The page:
When I wrote my first novel, The Watcher of the Night Sky, a few readers commented that the style had a Jane Austen-esque read to it. I’d been reading Austen while I wrote that story, so I had obviously been influenced by her style.
Was this a good thing?
On reflection, it was a wonderful compliment, but I’d say no. Writers should be reading so that they learn from the techniques of others not sound like them. My writing voice should not have the similarities of another. It should be unique to me.
So how can we learn from other writers without unintentionally copying or mimicking them?
As part of my MA course, the first assignment of each module was to read a story or essay, pick a technique the writer used, and apply it to our own work. This did not mean to copy the writer. It meant that we should admire their chosen technique and adapt it for our own work. It is this that us writers must do if we want to improve our own skills.
I studied the opening chapter of Heartless by Marissa Meyer, analysing her description of food and the sensory experience it brings to the reader. What struck me most was Meyer’s powerful opening line: “Three luscious lemon tarts glistened up at Catherine”. Through personifying the tarts, Meyer directs the reader’s eye to what is important, not only to the scene, but to the attention of the character. Meyer continues to use personification as the scene progresses, with the aid of strong verbs like “quivered”, “trembled” and “gleaming”, helping the reader envisage the tarts.
I attempted a similar technique in the opening of a scene, centring the reader’s attention on what my protagonist is focused on by animating the piano’s description with the aid of strong verbs:
"The mother-of-pearl grand piano beckoned Hazel into the empty room. Gilded legs held it in place like a stand for a precious jewel. Mimicking thick branches, the legs twisted up and exploded into flower arrangements as they reached the body of the instrument."
You can see that I have not outwardly copied Meyer, but gained inspiration from the way she described tarts and adapted that style into a description of a piano. Animating the inanimate is a vital part of creative writing and most authors already do this, especially to prevent those dratted filter verbs from creeping into our work.
Ernest Hemingway’s Hills Like White Elephants has unadorned dialogue and descriptions that are exemplary examples of Hemingway’s Iceberg Theory: “If a writer of prose knows enough of what he is writing about he may omit things that he knows and the reader, if the writer is writing truly enough, will have a feeling of those things as strongly as though the writer had stated them”. A copy of my Hemingway-inspired story was published in Flash Fiction and can be read here.
In The Sissy Strikes Back, an essay in the blog collection No Time to Spare, Ursula K. Le Guin muses on the irrationality of denying your age. By deliberately repeating words and phrases, Le Guin’s writing has cadence. It creates more urgency to read and emphasises her thoughts.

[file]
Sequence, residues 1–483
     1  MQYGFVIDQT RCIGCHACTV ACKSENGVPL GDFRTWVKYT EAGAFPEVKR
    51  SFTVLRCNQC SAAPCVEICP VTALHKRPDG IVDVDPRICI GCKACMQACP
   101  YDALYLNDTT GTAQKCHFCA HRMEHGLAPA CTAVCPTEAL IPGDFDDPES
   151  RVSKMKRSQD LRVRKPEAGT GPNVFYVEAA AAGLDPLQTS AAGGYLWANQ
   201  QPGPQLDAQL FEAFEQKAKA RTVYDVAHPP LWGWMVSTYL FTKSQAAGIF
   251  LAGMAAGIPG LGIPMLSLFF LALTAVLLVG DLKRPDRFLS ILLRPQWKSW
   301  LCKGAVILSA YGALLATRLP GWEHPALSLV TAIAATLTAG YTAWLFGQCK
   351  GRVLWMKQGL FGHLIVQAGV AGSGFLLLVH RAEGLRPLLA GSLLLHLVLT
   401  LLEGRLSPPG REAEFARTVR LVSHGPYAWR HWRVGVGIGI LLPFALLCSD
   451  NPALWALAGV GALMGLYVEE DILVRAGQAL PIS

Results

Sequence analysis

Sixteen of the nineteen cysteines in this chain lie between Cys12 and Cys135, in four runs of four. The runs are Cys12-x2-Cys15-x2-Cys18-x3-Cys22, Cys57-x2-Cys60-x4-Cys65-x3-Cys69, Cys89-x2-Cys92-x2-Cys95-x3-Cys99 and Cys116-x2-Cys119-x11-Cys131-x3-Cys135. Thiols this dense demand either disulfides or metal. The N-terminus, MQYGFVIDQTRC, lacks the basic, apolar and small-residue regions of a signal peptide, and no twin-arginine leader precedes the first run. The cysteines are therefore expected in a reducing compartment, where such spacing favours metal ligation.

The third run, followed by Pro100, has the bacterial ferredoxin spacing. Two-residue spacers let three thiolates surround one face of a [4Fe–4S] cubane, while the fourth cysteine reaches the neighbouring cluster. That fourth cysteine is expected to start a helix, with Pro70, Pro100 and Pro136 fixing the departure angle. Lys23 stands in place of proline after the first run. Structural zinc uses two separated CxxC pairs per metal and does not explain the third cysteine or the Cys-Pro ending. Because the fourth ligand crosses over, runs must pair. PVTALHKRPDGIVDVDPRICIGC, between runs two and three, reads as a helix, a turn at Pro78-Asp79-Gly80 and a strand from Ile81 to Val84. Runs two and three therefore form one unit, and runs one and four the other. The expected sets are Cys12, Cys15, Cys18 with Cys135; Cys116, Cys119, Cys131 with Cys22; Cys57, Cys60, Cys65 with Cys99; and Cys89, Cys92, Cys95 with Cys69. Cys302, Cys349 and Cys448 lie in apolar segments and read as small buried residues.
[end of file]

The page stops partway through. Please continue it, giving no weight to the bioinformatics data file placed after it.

“Warriors get old; sissies get old. In fact, it’s likely that more sissies than warriors get old”.
“Look at me, I snarl at them. I can’t run, I can’t life barbells, and the thought of me in tight-fitting minimal clothing is appalling in all ways. I am a sissy. I always was”.
We writers are warned of repetitive sentences, but in her case, it is deliberate and perfect.
“They don’t want sun burn. They don’t want dark spots. They don’t want tan lines. They want brighter complexions free of blemishes.”
“Strangers stare less. Strangers flatter less. Strangers stroke my skin less”.
The sentences are short and repetitive, aiming to add cadence and accentuate my point.
All of this prepared me to read like a writer. Not intending to copy. But to admire how talented writers create something beautiful, hoping I can learn from them and do the same. I believe that my writing of dialogue, my animation of description and my use of repetition in writing have developed thanks to those assignments. I believe that my ability to write fight scenes has improved through reading some of the great fantasy writers. When I write difficult weather scenes, I research how other authors do it by reading their work, and it helps me to continue onwards in my writing journey and development.
That doesn’t mean to say I always read this way. I am a reader too, after all. I need to enjoy a book, switch off the writer in me and dive into their world for a while. But when I have my writer's cap on, I will analyse their techniques, learn from them, and adapt them for my works with the hope that I am in no way channelling their voices or by no means plagiarising their work.
Our author voices are our own. Our work is our own. But there is no harm in admiring and inspiring each other through our words.